Basser Seminar Series

Context Modeling: Representing Practices instead of Procedures

Professor Patrick Brezillon
Laboratoire d'Informatique de Paris 6

Visiting speaker series supported by EII Taskforce on Context-Aware Computing

Tuesday 30 October 2007, 4-5 pm, **Note different day

School of IT Building, Lecture Theatre Room 123, Level 1


Contextual Graphs are a context-based formalism used in various real-world applications. They allow a uniform representation of elements of reasoning and of contexts for describing different human tasks such as troubleshooting and interpretation. A contextual graph represents a task realization. Its paths represent the different ways of reaching this realization, each way corresponding to a practice developed by an actor realizing the task. The seminar will revisit the classical distinction between prescribed and effective tasks, procedures versus practices, logic of functioning versus logic of use, etc. in the light of this formalism. The position of the practice model with respect to the task model will be discussed and experimented across several examples including the troubleshooting a problem with a DVD player.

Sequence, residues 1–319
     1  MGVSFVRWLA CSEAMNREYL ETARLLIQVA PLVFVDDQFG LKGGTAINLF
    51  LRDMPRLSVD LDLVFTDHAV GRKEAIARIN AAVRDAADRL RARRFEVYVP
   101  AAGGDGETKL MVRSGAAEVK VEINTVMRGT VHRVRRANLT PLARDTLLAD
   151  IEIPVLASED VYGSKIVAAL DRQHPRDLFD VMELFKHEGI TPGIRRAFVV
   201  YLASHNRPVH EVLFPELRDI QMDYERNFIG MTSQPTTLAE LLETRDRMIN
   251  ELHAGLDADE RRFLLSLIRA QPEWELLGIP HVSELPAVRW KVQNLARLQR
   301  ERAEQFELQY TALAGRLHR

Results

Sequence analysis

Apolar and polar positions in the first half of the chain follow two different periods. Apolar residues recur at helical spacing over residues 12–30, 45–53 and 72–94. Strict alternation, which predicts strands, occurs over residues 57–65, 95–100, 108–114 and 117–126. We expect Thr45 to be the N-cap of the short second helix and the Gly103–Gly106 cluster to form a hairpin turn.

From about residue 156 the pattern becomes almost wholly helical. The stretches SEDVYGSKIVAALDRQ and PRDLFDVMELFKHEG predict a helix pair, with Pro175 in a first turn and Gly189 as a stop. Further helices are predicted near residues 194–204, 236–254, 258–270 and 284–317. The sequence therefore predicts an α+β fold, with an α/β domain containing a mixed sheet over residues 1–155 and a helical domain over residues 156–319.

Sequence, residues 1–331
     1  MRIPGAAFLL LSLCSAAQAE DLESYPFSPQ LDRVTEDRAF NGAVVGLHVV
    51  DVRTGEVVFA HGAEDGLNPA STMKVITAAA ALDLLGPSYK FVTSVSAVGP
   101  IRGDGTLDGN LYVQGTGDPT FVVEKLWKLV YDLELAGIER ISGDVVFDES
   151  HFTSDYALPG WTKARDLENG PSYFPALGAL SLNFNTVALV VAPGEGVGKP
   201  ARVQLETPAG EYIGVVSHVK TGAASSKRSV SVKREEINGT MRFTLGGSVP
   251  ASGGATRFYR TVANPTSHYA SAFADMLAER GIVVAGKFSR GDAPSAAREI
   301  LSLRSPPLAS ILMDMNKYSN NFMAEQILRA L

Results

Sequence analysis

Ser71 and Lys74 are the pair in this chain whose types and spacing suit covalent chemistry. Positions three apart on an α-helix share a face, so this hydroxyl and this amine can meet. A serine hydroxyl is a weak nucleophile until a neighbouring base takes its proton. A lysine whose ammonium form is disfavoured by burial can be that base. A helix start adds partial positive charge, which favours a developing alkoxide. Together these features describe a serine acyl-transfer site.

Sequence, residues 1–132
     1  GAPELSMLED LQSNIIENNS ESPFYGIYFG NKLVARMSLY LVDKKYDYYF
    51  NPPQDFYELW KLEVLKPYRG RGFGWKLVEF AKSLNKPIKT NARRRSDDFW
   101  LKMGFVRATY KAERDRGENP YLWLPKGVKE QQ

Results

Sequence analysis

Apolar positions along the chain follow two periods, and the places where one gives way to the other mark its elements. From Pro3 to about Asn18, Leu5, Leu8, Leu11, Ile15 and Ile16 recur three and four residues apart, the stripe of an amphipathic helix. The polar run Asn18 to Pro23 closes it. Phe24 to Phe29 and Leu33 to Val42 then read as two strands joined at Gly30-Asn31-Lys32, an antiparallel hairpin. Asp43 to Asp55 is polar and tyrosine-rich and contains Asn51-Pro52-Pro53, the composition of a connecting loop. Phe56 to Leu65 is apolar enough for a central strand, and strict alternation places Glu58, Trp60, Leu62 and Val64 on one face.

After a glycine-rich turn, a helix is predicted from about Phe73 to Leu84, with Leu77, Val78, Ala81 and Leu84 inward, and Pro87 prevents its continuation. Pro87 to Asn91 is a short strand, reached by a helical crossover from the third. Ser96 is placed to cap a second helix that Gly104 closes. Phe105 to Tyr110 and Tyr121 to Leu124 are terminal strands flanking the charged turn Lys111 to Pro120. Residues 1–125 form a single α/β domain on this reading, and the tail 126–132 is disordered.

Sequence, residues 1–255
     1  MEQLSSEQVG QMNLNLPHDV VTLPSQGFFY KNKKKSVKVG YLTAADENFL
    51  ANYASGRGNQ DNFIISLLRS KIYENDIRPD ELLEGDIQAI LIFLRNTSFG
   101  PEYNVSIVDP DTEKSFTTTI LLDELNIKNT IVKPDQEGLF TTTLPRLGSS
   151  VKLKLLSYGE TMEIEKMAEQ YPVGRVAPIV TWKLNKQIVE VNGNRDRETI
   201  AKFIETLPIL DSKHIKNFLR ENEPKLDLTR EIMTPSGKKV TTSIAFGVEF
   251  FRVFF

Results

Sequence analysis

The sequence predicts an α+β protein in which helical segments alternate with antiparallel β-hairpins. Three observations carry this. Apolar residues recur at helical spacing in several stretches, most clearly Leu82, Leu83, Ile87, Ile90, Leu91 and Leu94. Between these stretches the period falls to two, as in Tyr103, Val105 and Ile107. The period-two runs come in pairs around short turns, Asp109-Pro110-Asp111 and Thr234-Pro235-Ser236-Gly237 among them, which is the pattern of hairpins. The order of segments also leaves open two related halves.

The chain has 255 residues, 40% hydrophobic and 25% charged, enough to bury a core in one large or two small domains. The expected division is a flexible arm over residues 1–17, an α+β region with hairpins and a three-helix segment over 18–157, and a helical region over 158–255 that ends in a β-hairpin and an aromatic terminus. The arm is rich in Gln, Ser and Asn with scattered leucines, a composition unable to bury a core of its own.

Speaker's biography

The research of Dr P. Brezillon focuses since 1992 on the notion of context, and he now is considered as one of the main leader in the community interested by context by participating in the organization of the series of international and interdisciplinary conference on context (CONTEXT), giving invited talks, initiating the French Association for Context and beginning to develop a portal of Context After the design and development of a coherent conceptual framework for context modeling, his ideas are now formalized in a context-based formalism-called Contextual Graphs-for representing in a uniform way elements of reasoning and of contexts ( This formalism is used in 15 different domains concerned by reasoning in context across the world. His research is taught in a Specialization (Management of Knowledge, Contents and Contexts). He published about 300 papers alone or with a grand total of 120 co-authors in international conference and international journals (e.g., IEEE Expert, AI Magazine, The Knowledge Engineering Review, the International Journal on Human-Computer Studies, etc.). Information is available at